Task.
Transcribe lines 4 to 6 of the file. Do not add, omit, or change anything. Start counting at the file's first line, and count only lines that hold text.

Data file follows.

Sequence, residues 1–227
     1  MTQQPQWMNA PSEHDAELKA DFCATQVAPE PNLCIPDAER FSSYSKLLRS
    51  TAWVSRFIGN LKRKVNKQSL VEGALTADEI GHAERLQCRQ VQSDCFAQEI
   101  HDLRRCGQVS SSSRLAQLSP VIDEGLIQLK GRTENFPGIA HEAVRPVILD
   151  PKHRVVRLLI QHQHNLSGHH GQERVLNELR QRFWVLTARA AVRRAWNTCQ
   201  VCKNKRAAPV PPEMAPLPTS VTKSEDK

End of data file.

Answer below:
   101  HDLRRCGQVS SSSRLAQLSP VIDEGLIQLK GRTENFPGIA HEAVRPVILD
   151  PKHRVVRLLI QHQHNLSGHH GQERVLNELR QRFWVLTARA AVRRAWNTCQ
   201  VCKNKRAAPV PPEMAPLPTS VTKSEDK